Date: 20 May 1922
Frederick Montgomeric Careton was found dead in his bedroom in his pyjamas with serious burns on the morning of Tuesday 16 May 1922.
He was a brigadier general.
An open verdict was returned. His inquest was held without a jury.
His son said that on the Monday Frederick Careton appeared to be in his usual health and had played two sets of singles tennis, mowed the lawn and watered the garden.
He said that his mother went away to London that day and that he and Frederick Careton retired to bed at about 9.30pm. He said that as they wet to bed that he wished him 'goodnight' on the landing adding 'If you want anything, call me' and then left him, noting that he said that because Frederick Careton often had bad attacks and that his mother was away.
He noted that on the afternoon he had cashed his father a cheque as he was going to London and bought him a bottle of brandy.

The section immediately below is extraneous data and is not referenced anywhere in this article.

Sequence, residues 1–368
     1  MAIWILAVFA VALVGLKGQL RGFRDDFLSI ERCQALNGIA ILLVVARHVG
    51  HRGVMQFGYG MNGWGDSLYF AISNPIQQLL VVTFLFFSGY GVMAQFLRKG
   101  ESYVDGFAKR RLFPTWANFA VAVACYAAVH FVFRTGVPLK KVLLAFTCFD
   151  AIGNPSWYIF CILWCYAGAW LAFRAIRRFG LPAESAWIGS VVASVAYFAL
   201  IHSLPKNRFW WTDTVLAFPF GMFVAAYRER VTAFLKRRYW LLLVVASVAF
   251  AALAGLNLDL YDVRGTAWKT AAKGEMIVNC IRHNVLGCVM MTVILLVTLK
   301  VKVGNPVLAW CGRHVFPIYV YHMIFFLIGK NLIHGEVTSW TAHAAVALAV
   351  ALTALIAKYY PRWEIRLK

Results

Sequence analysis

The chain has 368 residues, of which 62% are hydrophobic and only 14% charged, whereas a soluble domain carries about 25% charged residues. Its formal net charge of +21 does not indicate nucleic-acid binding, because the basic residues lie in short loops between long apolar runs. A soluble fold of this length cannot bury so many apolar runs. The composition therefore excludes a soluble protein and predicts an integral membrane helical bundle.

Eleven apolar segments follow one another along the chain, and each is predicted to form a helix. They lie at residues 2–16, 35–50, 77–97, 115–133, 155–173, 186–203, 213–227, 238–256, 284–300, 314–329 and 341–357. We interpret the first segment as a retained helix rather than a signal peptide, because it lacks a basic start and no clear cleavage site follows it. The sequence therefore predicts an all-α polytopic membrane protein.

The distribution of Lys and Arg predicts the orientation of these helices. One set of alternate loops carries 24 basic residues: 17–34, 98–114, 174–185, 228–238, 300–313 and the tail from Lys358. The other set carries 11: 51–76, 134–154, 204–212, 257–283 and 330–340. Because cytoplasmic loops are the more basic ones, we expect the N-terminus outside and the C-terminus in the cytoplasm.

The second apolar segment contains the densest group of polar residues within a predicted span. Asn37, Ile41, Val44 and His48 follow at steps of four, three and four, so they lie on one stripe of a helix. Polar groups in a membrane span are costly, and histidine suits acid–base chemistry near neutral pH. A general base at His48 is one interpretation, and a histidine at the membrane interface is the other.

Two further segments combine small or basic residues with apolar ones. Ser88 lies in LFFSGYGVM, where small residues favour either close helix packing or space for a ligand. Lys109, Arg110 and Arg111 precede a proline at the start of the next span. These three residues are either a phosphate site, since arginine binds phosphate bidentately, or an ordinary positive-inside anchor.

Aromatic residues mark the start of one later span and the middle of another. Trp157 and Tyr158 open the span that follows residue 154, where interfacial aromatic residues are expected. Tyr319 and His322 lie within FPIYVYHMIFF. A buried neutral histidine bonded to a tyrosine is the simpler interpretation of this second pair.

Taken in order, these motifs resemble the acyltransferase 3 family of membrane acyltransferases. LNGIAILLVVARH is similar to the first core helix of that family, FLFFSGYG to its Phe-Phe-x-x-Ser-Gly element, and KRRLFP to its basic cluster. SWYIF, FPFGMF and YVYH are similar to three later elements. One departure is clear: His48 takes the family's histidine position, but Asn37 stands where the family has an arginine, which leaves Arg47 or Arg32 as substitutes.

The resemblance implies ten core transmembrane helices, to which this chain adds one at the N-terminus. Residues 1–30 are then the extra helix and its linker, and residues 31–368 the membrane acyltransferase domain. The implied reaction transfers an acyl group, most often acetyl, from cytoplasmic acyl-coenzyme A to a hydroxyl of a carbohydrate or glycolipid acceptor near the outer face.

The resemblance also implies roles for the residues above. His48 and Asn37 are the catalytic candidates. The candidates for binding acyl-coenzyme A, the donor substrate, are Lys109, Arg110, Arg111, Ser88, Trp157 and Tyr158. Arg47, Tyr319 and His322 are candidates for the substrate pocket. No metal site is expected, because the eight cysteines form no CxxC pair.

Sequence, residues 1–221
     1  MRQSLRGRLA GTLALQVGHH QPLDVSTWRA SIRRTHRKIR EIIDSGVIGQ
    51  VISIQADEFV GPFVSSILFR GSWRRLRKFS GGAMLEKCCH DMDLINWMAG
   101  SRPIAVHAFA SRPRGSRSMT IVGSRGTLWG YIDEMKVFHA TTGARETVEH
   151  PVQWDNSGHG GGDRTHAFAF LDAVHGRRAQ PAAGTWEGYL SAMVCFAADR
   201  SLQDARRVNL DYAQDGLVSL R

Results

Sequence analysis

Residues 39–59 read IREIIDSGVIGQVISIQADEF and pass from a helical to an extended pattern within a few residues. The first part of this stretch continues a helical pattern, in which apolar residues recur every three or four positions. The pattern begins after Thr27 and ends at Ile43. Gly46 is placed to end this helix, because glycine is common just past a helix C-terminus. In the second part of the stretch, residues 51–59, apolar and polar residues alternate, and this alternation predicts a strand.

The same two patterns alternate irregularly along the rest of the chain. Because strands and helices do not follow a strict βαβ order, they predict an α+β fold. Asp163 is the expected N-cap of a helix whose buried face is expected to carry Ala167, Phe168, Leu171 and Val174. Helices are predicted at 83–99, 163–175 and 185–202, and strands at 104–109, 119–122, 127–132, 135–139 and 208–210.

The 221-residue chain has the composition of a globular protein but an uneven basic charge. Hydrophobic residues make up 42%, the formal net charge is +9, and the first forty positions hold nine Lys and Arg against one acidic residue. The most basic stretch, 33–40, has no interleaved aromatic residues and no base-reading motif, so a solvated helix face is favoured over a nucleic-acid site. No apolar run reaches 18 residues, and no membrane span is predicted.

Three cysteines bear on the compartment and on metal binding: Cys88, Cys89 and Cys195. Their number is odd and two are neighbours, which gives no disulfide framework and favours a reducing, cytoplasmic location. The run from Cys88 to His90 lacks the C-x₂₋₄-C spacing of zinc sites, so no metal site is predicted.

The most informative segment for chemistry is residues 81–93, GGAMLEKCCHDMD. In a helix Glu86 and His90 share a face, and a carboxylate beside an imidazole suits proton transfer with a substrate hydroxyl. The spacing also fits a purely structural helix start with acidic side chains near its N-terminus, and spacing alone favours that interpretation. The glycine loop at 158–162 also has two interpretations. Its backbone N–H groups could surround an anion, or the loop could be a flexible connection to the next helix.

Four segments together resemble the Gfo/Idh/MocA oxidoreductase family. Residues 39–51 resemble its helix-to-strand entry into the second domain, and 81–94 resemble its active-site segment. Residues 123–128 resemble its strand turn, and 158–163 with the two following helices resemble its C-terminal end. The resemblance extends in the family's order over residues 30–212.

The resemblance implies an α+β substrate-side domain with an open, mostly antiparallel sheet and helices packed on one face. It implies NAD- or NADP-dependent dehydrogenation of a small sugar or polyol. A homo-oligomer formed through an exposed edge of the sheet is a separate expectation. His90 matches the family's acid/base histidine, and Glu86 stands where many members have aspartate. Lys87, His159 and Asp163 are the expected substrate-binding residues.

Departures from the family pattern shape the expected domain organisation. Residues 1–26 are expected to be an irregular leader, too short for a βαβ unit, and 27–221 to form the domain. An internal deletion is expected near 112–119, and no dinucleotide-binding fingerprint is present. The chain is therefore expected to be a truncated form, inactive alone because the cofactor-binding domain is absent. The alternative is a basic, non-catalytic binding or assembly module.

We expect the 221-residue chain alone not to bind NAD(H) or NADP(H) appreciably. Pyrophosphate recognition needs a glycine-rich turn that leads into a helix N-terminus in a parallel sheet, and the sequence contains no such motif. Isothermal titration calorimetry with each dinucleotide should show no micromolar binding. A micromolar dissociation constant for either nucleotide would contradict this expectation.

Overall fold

Frederick Careton's son said that on the Tuesday morning that their maid called him and informed him that she had knocked four times at Frederick Careton's door and had got no response. He said that he told her to go into his room and said that when she did, she came rushing back out and told him that Frederick Careton was lying on his bedroom floor.
He said that he then shouted for his sister and then went into Kinteton where he telephoned for his uncle and saw a doctor.
Frederick Careton's son noted that he had had his door open all night, but had heard no sound.